Central Bank to Redesign the Naira

2010-10-30
THISDAY Newspaper

The Governor of the Central Bank of Nigeria (CBN), Mallam Lamido Sanusi, has revealed plans to redesign the country’s currency on a day President Goodluck Jonathan lauded the regulator’s banking reform.

Sanusi, who spoke at the official launch of the N50 note and gold coins golden jubilee commemorative currencies in Abuja yesterday, hinged the decision to redesign the bank notes on the need to reduce cost and enhance security.
The CBN governor also said the apex bank was working on new proposals to reintroduce coins into the economy.

“We will soon unfold proposals that should mark the beginning of the return of coins into circulation in the economy. The CBN has evolved plans that would enhance the efficiency and self-reliance of Nigerian Security Printing and Minting Company (NSMPC) with a view to improving its performance in note printing,” Sanusi said.

The commemorative N50 note, which is the same design as the circulating N50, bears slight modifications in the form of the 50th anniversary logo, an iridescent gold band, and a goodwill message written in varnish.
It will be circulated alongside the existing N50 note while the commemorative coins, in 22-carat gold, will serve as gift items to some of the important dignitaries expected at the anniversary celebration.

Going down memory lane, Sanusi said: “Since the first Nigerian currency, denominated in pound, 10 shillings and five shillings were issued on July 1, 1959, it had undergone various transformations as the CBN evolved and as our circumstances improved.

“For instance, on July 1, 1965, the first series of banknotes were replaced with new banknotes, to commemorate the republic status of the country. Thereafter, in 1968, the bank issued a new set of banknotes to forestall the usage of illegally withdrawn notes from CBN Enugu, Port Harcourt and Benin branches during the civil war”.

The CBN governor noted that with the adoption of decimalisation in 1973, a new series of notes was introduced in naira and kobo. The new currencies, according to him, were in denominations of 10 naira, five naira, one naira, 25 kobo notes as well as 25 kobo, 10 kobo, five kobo, one kobo and half kobo coins.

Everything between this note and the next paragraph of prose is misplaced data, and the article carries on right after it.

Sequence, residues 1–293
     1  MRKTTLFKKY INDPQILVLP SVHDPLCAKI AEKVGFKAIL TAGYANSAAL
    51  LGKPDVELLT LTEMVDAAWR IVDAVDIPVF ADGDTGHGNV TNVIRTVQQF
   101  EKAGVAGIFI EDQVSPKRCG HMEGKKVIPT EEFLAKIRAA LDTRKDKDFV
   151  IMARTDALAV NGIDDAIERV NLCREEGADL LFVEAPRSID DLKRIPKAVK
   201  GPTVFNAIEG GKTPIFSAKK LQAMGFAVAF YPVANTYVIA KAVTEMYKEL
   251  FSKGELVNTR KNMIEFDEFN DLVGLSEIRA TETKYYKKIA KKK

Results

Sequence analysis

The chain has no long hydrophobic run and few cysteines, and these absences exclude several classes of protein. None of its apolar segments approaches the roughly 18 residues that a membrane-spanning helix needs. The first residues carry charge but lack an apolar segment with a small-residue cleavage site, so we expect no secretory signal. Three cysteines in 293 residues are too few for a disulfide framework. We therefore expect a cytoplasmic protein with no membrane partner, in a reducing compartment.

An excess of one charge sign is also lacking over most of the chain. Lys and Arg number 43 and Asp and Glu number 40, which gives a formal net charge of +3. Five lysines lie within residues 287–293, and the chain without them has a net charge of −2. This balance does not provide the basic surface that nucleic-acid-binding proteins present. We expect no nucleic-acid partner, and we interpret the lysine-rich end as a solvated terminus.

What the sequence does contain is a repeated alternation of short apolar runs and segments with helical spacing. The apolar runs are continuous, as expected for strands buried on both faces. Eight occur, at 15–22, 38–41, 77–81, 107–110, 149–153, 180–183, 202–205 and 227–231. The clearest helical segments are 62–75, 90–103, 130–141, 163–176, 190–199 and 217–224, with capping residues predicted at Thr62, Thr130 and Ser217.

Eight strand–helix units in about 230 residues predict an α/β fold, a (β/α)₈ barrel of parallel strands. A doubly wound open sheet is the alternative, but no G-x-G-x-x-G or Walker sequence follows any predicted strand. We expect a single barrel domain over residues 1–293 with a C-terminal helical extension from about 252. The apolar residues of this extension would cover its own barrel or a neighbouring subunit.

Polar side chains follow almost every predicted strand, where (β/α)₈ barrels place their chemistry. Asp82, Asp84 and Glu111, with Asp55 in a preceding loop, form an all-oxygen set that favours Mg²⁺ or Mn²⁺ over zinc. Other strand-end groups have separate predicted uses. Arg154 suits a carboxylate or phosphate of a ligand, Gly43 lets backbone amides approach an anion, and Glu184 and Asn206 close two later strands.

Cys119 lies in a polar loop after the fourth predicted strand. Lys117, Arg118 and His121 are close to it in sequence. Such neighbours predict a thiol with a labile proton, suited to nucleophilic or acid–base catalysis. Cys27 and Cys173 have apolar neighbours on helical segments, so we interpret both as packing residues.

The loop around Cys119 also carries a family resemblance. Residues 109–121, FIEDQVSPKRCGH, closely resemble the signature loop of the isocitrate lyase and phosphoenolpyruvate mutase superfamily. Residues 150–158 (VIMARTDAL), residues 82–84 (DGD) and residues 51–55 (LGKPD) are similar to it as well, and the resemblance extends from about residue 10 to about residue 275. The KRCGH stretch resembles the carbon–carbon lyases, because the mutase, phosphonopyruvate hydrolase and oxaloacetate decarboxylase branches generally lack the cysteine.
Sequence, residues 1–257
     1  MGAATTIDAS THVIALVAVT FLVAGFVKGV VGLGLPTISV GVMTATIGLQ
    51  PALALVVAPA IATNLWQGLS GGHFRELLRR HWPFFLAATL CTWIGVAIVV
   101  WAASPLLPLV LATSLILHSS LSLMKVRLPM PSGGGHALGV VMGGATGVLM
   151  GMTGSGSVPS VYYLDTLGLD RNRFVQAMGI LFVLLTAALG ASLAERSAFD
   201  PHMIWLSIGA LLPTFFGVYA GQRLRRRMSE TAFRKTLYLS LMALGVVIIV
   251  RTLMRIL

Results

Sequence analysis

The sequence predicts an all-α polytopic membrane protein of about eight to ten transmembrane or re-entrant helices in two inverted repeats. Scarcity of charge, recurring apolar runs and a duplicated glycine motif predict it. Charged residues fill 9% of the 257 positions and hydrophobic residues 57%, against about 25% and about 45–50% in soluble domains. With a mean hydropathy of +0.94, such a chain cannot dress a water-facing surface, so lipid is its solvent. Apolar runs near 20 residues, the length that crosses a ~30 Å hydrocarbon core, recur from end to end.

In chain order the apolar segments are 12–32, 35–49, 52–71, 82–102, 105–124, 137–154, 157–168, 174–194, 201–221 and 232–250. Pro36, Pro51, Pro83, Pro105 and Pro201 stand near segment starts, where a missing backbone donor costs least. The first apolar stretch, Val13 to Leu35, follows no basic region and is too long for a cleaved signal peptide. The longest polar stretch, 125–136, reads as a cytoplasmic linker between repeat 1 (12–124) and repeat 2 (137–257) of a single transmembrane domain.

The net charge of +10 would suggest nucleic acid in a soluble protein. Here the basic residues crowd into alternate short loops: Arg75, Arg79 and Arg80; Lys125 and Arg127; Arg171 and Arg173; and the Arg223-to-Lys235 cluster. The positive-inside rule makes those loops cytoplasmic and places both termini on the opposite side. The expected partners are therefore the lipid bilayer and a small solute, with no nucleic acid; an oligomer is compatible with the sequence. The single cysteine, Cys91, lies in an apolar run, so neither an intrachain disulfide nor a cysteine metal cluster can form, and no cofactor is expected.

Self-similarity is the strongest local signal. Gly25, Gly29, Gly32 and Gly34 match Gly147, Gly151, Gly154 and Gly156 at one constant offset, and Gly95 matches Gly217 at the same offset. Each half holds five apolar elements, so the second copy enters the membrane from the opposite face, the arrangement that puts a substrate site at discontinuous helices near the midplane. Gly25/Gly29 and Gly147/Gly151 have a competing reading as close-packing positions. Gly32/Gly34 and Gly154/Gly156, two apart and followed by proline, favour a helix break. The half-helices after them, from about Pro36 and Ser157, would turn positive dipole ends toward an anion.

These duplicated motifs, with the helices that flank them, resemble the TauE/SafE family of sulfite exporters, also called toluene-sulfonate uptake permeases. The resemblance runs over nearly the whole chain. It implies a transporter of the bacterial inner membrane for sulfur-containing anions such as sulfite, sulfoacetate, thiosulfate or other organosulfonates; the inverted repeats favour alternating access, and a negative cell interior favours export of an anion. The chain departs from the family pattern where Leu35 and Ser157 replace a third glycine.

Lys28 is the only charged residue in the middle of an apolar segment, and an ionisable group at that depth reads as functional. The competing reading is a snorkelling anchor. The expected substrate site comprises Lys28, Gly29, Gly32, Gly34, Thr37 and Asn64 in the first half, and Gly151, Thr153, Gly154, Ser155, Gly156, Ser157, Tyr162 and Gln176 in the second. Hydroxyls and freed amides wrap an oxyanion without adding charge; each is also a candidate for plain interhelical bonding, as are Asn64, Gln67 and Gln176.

Sanusai said: “In 1977, the N20 denomination, which bore the portrait of the late General Murtala Mohammed was issued into circulation and marked the first time that the portrait of a Nigerian citizen would be featured in our bank note. Subsequently, the portraits of eminent Nigerian citizens have graced our national currency.”

The CBN governor said the N1000 was issued in October 2005 with the portrait of Aliyu Mai-Borno and Clement Isong.
In 1979, the 10 naira, five naira, and one naira notes had the portraits of three eminent Nigerians, Alvan Ikoku, Abubakar Tafawa Balewa and Herbert Macaulay.

The N100 note with the portrait of Obafemi Awolowo was issued in December 1999, while the N200 note with the portrait Ahmadu Bello was launched in November 2000. The N500 was introduced into circulation in November 2000 with the portrait of Nnamdi Azikiwe.

Sanusi said: “The higher denominations were introduced as part of the bank’s effort at promoting effectiveness in its currency management and also to enhance efficiency in the nation’s payment system”.

He explained that to further reduce the currency management cost, “the lower denomination bank notes of N5, N10, and N50 were redesigned and introduced into circulation in February 2007. In addition, the polymer substrate was first used in the production of the Nigerian currency starting with N20 note while the rest of the lower denomination banknotes were subsequently reissued in polymer substrate in September 2009.”

Meanwhile, Jonathan, who also spoke at the event, urged the CBN to continue to work to consolidate on the economic gains so far recorded by the country.

Jonathan expressed the Federal Government’s support for the current financial sector reforms being carried out by the apex bank.

In a related development, the CBN Lagos State Branch Controller, Mr. Adekunle Ogunsanya, has advised bank users and other members of the public to accept the new N50 note.

He said that the currency would co-exist with other currencies in the country as legal tenders.

Ogunsanya disclosed this at the inauguration of the currency in Lagos few hours after the official launch in Abuja.
He also urged the public to approach their respective banks as well as the CBN for the commemorative notes
“The public should continue to accept all three of them as legal tender, and not reject any. The N50 commemorative note is a legacy to mark Nigeria’s 50th anniversary, because it is a noteworthy celebration, hence we picked the N50 rather than the N10 or N100 notes,” he said.

He added that the commemorative notes had been distributed to the various banks across the country after the launch by the Presidency.

Just as in the other polymer notes, the Branch Controller explained that the security features are so many, to make counterfeiting very difficult.

He said the various banks had been alerted to monitor the money brought by customers.
Ogunsanya added that the N50 note is unique because it is a symbol of unity, going by the portraits of people depicting various tribes of the nation, across gender.

He urged all to use the new notes well, commending the handling of other polymer notes so far, which he explained had vindicated the reasons for the change of the nation’s lower denominations - N5, N10, N20 and N50 from the paper notes.

 

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